What’s hot about mercury? Examining the influence of climate on mercury levels in Ontario top predator fishes

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Abstract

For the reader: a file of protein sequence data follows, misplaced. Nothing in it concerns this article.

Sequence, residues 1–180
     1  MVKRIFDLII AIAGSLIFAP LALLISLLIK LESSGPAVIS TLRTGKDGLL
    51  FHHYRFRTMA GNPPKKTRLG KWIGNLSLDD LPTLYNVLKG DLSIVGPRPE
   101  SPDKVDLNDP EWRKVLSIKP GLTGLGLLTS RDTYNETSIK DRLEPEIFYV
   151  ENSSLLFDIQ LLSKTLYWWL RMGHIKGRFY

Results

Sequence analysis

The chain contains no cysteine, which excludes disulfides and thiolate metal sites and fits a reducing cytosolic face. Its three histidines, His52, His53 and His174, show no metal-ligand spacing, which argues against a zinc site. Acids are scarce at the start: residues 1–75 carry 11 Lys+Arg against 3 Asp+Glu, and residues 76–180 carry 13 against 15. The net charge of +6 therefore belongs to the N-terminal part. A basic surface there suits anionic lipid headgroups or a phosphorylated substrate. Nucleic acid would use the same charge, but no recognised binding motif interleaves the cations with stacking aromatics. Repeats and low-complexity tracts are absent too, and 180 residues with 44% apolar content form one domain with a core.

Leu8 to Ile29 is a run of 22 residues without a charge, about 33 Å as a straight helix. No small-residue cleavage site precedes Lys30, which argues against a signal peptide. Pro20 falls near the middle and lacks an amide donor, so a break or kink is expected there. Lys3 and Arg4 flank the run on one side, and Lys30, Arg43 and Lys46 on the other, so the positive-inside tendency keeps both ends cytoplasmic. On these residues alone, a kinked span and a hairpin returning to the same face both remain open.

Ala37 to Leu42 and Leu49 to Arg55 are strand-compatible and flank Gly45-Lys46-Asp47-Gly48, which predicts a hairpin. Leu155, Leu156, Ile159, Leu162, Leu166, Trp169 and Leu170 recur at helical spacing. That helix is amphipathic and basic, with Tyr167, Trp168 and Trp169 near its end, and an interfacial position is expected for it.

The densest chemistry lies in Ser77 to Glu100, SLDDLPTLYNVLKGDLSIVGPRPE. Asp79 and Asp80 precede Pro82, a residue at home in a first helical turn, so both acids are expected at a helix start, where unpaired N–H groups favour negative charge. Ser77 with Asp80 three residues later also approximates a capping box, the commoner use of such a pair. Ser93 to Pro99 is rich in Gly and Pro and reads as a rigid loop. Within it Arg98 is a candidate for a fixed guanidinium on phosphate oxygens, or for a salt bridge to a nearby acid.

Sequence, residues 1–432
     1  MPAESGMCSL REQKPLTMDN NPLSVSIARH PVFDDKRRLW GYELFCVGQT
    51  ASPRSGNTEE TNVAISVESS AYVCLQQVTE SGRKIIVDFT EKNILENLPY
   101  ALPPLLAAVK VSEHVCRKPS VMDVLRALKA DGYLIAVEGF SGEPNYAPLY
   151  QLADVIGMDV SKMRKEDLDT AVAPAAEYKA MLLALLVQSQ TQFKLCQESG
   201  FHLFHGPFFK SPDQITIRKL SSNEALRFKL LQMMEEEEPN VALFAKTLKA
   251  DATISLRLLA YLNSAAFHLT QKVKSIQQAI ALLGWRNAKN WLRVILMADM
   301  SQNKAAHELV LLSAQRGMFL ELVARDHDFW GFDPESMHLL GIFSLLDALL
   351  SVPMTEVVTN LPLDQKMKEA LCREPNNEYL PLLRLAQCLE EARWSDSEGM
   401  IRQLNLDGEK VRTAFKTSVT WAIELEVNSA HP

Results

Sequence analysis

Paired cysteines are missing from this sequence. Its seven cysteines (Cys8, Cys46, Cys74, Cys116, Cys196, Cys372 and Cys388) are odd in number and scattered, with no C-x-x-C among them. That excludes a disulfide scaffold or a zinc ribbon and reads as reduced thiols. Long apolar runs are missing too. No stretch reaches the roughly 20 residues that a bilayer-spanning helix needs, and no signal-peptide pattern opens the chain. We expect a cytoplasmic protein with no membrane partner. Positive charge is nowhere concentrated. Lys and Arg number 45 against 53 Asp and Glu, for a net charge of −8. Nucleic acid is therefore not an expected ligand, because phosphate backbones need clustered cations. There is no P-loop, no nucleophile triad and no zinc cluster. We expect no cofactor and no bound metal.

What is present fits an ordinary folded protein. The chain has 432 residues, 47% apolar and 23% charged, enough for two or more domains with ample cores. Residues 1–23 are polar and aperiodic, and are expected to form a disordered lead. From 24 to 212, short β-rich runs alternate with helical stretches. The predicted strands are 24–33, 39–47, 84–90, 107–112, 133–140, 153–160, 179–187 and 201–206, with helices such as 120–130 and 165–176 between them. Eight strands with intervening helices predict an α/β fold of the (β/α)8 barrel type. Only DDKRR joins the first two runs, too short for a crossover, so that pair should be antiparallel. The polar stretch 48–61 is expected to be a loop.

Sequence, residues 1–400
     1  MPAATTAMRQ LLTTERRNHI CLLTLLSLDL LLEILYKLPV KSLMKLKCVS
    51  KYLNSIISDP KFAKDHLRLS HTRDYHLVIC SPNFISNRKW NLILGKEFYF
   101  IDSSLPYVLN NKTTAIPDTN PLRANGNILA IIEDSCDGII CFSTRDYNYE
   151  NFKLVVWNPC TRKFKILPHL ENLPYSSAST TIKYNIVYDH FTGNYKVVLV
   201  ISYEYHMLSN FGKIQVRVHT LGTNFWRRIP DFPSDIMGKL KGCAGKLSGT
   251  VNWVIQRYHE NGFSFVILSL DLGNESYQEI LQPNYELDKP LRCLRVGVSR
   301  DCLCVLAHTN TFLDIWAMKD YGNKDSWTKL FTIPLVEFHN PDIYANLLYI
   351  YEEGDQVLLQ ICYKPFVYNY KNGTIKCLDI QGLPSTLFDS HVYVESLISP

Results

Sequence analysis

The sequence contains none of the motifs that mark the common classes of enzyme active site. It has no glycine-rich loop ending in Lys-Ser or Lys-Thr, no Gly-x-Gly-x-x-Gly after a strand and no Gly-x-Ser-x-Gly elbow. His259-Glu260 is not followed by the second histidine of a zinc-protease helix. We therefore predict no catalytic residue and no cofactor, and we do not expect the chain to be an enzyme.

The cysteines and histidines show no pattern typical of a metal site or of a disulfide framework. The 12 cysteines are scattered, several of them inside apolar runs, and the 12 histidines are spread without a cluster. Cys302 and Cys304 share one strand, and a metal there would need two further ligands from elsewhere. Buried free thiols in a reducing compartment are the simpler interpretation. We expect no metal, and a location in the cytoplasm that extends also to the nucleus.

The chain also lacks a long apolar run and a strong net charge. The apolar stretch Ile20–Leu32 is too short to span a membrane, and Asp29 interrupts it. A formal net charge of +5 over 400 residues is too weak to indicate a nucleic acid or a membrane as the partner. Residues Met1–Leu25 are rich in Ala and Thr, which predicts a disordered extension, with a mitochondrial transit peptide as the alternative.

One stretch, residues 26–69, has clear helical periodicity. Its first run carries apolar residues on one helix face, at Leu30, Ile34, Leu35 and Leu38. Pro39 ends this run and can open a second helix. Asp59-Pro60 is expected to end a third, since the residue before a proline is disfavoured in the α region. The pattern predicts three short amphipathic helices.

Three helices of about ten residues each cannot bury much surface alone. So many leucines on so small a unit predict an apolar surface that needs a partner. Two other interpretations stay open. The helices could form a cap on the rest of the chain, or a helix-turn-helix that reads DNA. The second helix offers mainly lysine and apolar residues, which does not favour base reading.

Mercury (Hg) levels in Ontario top predator fishes have been increasing in recent decades. These increases may be a result of many additive factors, including global climate change. Only recently has research been conducted on how climate change may impact Hg levels in freshwater fishes at large-scales. We examined the relationship between Hg trends and (1) local weather, (2) large-scale climate drivers, and (3) anthropogenic Hg emissions, in native cool water (walleye and northern pike) and warm water (smallmouth bass and largemouth bass) predatory fishes in Ontario, Canada, for historical (1970–1992) and recent (1993–2014) time periods. For each fish species studied, > 25% of Ontario's secondary watersheds shifted from historically declining to recently increasing fish Hg trends, and ≥ 50% of watersheds experienced increasing trends between 1993 and 2014. Recent fish Hg increased at up to 0.20 μg/g/decade; which were significant (p < 0.05) for walleye, northern pike and smallmouth bass. Multiple linear regressions revealed a complex interplay of local weather, large-scale climate drivers, and anthropogenic Hg emissions influencing fish Hg levels. Recent Hg levels for walleye and largemouth bass increased with changes in global climate drivers, while higher precipitation influenced smallmouth bass Hg levels the most. Walleye Hg levels increased during the positive phases of global climate drivers, reflecting the local influence of local temperatures and precipitation indirectly. Differentiating the effects of climate-related parameters and emissions is increasingly crucial to assess how changing multiple environmental stressors may impact health of wildlife and humans consuming fish.

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